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Azure Stack: Microsoft’s private-cloud platform and what IT pros need to know about it

Brandon Butler | July 17, 2017
AWS and Google Cloud have nothing like it yet.

Customers can also use a managed hosting partner or outsourcing vendor that would run the infrastructure. Rackspace is one of the first to offer this, but many other Microsoft partners are expected to offer Azure Stack in this model.

Microsoft offers two primary ways to buy the Azure Stack licensed software. One is a pay as you go model in which customers pay based on how much they use the infrastructure and software. In this model, a base virtual machine starts at $6/virtual CPU/month; Azure Blob Storage is $0.006/GB/month. Azure App Services, such as API, Web, Mobile and Azure Functions services are $42/vCPU/month ($0.056/hour).There are no upfront costs for the software and customers only pay for how much of the software is consumed. The other option is to pay a fixed annual subscription starting at $144 per core per year, ranging to $400 per core per year, which includes higher-level application services.

Customers can use their existing Microsoft licenses, including those for Windows Server, SQL Server and MSDN subscriptions to pay for Azure Stack. Various channel partner licenses agreements can also be accepted.

Updates to the Azure Stack software will not have a regular release schedule; they are pushed to customers whenever they’re ready, similar to the model in the public cloud. These updates will be automatically downloaded onto the Azure Stack software to keep it consistent with the Azure public cloud and customers have a choice of when they want to install them. Microsoft will also push a series of monthly security updates.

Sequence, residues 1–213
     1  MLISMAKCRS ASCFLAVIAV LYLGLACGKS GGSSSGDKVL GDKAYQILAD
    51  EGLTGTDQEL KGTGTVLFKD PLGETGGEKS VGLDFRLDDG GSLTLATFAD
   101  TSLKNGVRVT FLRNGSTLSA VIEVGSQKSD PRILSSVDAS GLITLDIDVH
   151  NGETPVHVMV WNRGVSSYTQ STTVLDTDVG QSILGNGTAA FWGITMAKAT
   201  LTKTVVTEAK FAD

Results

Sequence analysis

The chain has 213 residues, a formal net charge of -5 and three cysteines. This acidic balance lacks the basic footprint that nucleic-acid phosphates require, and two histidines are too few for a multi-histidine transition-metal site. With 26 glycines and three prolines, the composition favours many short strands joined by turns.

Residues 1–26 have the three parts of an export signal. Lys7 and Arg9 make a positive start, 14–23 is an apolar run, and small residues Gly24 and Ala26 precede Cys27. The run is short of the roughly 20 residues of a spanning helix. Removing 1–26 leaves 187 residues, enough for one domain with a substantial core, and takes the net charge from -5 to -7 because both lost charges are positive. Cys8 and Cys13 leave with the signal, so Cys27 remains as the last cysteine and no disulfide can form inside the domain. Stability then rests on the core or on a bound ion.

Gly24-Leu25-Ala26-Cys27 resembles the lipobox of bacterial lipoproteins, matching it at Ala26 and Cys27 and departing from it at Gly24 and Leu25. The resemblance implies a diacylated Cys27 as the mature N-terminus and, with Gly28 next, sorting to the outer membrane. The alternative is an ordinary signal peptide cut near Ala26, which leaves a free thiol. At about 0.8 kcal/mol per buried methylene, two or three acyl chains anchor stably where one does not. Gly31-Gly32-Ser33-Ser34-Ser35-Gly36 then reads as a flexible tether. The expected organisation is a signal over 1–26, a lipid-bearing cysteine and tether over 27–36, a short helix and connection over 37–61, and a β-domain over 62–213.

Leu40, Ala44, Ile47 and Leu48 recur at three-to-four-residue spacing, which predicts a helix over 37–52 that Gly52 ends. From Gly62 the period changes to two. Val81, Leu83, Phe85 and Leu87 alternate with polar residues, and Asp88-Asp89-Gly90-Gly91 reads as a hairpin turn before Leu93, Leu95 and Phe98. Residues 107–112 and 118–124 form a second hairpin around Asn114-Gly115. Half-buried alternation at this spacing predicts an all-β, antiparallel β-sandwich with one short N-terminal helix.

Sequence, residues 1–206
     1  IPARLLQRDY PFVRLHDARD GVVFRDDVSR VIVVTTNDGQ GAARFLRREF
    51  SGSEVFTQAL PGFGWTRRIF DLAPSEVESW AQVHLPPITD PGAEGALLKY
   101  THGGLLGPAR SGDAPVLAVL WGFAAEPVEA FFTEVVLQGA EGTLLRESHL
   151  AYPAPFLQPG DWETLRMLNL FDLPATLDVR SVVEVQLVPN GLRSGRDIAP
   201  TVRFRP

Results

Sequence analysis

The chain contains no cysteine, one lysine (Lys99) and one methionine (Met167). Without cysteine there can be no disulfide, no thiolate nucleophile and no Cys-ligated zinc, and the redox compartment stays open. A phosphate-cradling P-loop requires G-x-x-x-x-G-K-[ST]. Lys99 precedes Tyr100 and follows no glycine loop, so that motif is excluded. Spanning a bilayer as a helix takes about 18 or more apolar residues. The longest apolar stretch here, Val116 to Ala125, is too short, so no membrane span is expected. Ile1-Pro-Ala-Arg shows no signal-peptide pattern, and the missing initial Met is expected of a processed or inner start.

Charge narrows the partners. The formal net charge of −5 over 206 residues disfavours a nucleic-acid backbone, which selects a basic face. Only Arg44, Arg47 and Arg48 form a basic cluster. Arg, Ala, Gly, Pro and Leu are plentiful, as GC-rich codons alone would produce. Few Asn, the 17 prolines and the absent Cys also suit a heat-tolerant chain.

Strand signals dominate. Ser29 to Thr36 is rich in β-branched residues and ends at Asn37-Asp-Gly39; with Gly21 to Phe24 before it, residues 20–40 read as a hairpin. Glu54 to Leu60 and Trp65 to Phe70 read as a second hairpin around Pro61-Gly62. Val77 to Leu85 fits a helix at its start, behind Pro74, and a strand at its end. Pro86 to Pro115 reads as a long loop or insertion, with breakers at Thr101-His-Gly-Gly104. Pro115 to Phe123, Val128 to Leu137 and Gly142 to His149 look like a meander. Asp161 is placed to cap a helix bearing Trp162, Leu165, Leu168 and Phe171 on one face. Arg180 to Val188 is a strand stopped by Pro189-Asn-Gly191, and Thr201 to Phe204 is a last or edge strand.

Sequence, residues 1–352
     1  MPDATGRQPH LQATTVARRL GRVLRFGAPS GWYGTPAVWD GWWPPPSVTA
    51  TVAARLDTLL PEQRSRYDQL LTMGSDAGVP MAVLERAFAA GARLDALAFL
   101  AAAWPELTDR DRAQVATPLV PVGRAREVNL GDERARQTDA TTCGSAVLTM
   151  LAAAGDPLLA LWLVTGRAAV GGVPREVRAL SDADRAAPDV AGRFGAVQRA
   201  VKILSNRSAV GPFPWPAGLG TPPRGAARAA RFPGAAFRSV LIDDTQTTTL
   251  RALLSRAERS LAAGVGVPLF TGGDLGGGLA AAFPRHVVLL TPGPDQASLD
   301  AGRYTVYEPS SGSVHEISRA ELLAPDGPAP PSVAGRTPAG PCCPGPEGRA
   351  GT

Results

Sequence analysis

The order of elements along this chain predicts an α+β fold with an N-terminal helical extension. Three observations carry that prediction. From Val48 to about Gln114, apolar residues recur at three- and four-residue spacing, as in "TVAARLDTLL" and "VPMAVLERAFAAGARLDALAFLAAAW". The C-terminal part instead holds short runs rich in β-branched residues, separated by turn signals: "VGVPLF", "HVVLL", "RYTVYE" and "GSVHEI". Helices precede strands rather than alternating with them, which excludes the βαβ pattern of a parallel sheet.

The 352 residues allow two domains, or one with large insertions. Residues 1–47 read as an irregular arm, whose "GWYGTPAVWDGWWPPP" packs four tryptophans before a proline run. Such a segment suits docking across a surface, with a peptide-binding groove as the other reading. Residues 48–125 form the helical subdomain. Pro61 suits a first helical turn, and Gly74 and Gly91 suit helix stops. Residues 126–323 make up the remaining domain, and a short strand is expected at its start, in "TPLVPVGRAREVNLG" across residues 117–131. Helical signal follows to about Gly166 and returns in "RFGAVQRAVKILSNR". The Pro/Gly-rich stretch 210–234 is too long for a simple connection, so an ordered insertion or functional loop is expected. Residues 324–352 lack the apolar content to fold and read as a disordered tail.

What competitors offer

Azure Stack is fairly unique in the market. AWS and GCP offer customers hybrid cloud computing platforms, but they’re not a full-fledged private cloud offering that’s deeply integrated with their public cloud.

AWS’s storage gateways allow customers to prepare data on their premises for upload into the AWS cloud. AWS also offers Snowballs – which are ruggedized 40 or 80 TB storage devices that run some basic compute functionality – named Greengrass- that can serve as an “edge” of AWS’s cloud. They’re meant to be loaded up with data that will eventually make its way into AWS’s public cloud. AWS also has a partnership with VMware the companies launched in 2016 that allows customers to run most VMware management software in AWS’s cloud. So, theoretically customers could connect their VMware-based on premises workloads with the same VMware software in AWS.

Google recently announced a partnership with Nutanix, the hyperconverged infrastructure vendor, to offer unified management of Nutanix and GCP resources, and backups of Nutnaix workloads to the public cloud. This partnership is meant to provide some hybrid cloud management across on-premises environments and the public cloud. Google says many of its software platforms, such as the Kubernetes container orchestration software can run on premises and in the cloud. 


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